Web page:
Apparently I’m one of the only few who have not read “The Da Vinci Code.” I have no desire to do so, regardless of how popular the book continues to be. I will see the movie, and of course I’ll ‘get it’ whether or not I’ve contributed to Dan Brown’s best-seller status. “The Da Vinci Code” is simply not my cup of tea, and I am amused by the silent stones of surprise and disapproval thrown my way because of my decision not to read it.


Most motion picture adaptations ruin original stories, but I look forward to this one as a suspenseful film with a good cast and director. There is so much hype about the movie that inevitably people who love the book will be disappointed by certain aspects of Ron Howard’s vision and interpretation of it. Although it was a brilliant move to cast the universally adored and controversy-free Tom Hanks with the famous French actress Audrey Tautou (Catherine Zeta Jones lite), as these two are about as safe and likable as you can get. The film will experience the same staunch criticism from particular religious organizations and scholars as the book has for years, which in turn will fuel and almost guarantee its box office success.  

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Most people prefer to watch a show or go to the movies without knowing much about what they’re going to see. It is safe to say that the viewing majority likes surprises. I, however, am drawn to Internet Spoilers like a car crash; I can’t help but slow down to look. Sites proudly boast about spilling the beans and spoiling plot points, sometimes months in advance of an actual airdate. And I bookmark these sites to keep in the loop and form my own theories. Believe it or not, this does not ruin the experience of watching my favorite shows. First of all, misinformation and errors are rampant and misleading (sometimes purposefully). Second, I enjoy trying to figure exactly how these Spoilers will unfold, and when.   


Spoilers tend to originate from extremely dedicated fans with connections in the media or industry, or from leaks directly (and stealthily) from network sources.


As for my part, as a Blogger and pop culture specialist, I promise not to post any Spoilers without an obnoxious and large disclaimer boldly announcing their arrival.

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Edward Norton is fantastic, one of the most gifted actors of his generation. No one saw it, but he directed and co-starred in the very funny Keeping the Faith (with Ben Stiller). He may have achieved cult status for his role in Fight Club, but my two favorites of his many stellar performances are in Primal Fear and American History X. Primal Fear was Norton’s first film, and his stunning debut was rewarded with a Best Supporting Actor Golden Globe and an Academy Award nomination (Leonardo DiCaprio turned down this role, FYI). But he was robbed of the Best Actor Oscar for American History X by Roberto Benigni in Life is Beautiful in 1998. Norton was also great in Spike Lee’s 25th Hour and Woody Allen’s musical, Everyone Says I Love You. His talent outshines and overshadows Mark Wahlberg in The Italian Job, Robert DeNiro in The Score, and Matt Damon in Rounders. Ironically enough, Norton had auditioned for the lead that Damon won in The Rainmaker and also turned down the role of Private Ryan that Damon played in Saving Private Ryan. Norton seems to be selective and it pays off; he is one of the few actors whose movies inspire me to get my lazy ass to the theatre.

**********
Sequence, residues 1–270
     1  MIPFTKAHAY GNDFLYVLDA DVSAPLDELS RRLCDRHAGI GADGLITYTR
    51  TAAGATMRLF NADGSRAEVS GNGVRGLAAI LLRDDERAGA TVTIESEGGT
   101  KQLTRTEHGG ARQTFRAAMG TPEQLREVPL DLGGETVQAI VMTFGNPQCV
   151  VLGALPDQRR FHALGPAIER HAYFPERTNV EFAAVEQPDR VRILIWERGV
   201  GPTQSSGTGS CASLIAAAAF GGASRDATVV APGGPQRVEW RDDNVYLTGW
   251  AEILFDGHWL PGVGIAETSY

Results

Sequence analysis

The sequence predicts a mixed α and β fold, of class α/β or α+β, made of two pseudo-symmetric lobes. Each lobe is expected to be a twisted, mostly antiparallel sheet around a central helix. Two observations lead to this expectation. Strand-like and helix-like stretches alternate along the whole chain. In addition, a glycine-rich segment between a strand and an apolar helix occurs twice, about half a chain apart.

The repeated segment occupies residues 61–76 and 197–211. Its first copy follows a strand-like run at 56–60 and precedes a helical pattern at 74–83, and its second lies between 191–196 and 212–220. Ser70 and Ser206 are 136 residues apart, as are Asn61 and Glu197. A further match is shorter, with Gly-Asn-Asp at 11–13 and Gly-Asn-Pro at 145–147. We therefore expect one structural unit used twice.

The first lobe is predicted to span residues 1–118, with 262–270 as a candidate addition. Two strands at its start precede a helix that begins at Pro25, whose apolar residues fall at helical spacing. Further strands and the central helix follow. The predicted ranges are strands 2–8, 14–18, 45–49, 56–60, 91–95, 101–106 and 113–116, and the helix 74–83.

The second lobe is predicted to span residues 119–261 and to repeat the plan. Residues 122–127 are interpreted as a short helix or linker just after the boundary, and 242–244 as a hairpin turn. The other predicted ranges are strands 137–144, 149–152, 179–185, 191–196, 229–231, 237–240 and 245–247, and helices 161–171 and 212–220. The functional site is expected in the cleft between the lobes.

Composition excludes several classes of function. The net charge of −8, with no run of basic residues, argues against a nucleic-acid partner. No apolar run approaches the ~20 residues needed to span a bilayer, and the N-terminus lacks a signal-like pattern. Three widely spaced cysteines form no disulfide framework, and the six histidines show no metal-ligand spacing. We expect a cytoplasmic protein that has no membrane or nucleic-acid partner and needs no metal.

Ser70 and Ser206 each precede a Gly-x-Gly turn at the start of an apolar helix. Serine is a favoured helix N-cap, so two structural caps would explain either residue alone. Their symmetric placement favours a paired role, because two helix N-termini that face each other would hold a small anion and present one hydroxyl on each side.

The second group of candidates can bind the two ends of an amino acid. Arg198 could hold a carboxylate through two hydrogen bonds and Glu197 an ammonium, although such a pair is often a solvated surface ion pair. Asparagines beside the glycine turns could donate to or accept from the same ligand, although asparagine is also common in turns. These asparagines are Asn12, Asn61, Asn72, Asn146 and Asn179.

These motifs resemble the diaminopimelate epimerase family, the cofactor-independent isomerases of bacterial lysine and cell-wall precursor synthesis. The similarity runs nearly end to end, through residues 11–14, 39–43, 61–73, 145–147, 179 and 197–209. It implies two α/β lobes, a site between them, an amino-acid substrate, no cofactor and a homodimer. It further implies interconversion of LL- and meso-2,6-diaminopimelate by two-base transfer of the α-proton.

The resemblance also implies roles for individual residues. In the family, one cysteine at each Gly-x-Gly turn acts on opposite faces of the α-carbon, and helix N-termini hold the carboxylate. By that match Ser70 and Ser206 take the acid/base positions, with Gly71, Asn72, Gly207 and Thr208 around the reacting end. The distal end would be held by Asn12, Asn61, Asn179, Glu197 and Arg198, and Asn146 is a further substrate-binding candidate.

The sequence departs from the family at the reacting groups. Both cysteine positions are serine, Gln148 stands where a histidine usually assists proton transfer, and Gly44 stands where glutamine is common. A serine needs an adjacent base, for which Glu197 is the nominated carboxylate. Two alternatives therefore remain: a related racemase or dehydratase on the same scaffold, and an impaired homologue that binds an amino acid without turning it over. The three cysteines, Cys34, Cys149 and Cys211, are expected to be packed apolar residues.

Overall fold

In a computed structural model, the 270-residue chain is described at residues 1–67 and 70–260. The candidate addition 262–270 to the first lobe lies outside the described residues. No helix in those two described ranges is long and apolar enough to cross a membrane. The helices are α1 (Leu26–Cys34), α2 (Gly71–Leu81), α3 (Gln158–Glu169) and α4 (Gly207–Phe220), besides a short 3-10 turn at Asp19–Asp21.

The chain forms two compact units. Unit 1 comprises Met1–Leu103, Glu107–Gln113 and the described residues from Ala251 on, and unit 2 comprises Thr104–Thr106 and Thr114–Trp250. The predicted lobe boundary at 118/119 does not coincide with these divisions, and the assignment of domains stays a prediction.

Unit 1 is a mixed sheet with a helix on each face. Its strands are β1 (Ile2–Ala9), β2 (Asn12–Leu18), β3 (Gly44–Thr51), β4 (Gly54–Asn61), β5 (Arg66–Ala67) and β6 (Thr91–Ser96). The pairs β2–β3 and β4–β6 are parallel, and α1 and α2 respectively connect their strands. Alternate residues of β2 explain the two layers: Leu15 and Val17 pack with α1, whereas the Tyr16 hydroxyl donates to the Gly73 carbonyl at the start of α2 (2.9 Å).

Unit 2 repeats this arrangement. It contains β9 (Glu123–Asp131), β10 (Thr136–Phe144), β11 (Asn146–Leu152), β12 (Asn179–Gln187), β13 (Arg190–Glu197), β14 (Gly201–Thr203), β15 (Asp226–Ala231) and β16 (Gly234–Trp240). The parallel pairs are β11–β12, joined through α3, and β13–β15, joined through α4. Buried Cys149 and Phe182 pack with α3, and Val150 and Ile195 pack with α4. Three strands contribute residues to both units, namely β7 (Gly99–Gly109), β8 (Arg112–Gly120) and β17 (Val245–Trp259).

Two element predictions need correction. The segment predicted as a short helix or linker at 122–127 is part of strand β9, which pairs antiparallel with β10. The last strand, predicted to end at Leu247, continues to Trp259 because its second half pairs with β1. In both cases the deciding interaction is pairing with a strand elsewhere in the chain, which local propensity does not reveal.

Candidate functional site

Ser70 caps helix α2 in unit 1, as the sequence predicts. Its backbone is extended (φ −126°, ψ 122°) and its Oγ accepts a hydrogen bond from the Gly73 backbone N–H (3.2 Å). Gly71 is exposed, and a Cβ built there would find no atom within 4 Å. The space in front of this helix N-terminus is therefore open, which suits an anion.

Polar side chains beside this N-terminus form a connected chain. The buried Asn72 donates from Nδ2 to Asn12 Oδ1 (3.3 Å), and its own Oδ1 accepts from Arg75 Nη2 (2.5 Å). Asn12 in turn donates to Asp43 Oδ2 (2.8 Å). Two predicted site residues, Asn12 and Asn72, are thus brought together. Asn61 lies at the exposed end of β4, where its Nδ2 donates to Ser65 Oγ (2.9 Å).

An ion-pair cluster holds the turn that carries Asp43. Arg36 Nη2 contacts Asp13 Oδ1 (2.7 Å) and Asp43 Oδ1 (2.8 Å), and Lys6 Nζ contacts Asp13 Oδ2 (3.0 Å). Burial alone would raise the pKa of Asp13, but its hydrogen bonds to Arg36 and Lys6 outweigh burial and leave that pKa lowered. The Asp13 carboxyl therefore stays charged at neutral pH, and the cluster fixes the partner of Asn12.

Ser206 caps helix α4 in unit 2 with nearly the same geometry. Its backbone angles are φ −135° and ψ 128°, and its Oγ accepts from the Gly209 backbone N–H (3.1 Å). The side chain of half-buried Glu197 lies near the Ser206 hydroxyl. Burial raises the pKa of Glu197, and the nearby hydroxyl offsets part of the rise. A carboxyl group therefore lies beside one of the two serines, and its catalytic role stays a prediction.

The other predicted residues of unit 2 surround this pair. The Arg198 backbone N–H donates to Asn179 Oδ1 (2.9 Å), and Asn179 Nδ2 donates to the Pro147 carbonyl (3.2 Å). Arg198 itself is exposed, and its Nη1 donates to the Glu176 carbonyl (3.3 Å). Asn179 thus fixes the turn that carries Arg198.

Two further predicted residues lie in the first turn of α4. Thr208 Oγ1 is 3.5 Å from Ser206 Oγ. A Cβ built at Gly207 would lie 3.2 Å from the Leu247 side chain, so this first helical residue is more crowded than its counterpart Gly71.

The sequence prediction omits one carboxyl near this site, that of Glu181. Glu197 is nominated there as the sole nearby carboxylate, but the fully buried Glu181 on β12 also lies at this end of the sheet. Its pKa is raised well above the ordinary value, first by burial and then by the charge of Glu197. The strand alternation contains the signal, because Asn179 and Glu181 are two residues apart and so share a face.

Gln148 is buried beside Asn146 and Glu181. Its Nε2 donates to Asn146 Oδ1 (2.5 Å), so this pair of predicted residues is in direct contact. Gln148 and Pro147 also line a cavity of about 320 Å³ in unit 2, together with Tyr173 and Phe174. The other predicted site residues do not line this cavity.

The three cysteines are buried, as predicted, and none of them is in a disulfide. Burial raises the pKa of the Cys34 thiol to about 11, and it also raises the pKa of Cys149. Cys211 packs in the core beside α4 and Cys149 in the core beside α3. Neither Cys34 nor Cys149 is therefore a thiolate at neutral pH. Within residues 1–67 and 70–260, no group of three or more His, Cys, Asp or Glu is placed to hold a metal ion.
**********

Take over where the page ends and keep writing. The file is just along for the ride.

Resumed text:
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When I look at my favorite movies of all time, there isn’t a specific genre that stands out or a common theme running throughout. Because I’m prone to making lists, I created a large one to compile and analyze statistics about my choices. I know, nerd alert.


A surprising fact arose from my silly research – Katie Holmes is in three of my top 40 films of all time. You have to remember that before she went on the Cruise, Holmes had memorable roles in several excellent yet underrated independent movies:


The Ice Storm (a highly intense family drama from Ang Lee)

Go (Doug Liman’s frenetic follow up to Swingers)

Wonder Boys (a clever, charming little film with a great cast)

The Gift (a thriller helmed by Sam Raimi & written by Billy Bob Thornton)

Pieces of April (Holmes’ first true leading role)

Thank You For Smoking (a very funny and scathing view of big tobacco, out in theatres now)   


Much to my chagrin, I must also admit to enjoying and owning several Tom Cruise movies. Thank goodness Spielberg directed Minority Report; it gives weight and value to my assertion that it’s a damn good sci-fi flick that just so happens to star a certain someone. And regardless of Cruise’s current popularity wane, I will continue to stick by my choice of Jerry Maguire as both one of his best and one of my favorites (Magnolia is a close second in my book).

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I have a very trivial complaint. There is an annoying pattern in the world of series television – actors jumping ship from one show to another, leaving in their dust a flood of devoted fans that had grown to love, hate and/or relate to the characters they played.  It was extremely frustrating to learn (right in the middle of Season 3) that one of the lead actresses on a show I have been watching for years had been cast on a new sitcom, on another network altogether. The entire rest of the season was ruined for me, knowing that my favorite character was going to now be killed off or suddenly leave town under asinine circumstances. And of course it’s never the actors you loathe that leave the shows; fan favorites inevitably move on to bigger pastures (i.e. films) due to their increased popularity and marketability. Consider me Bitter, Party of One.  

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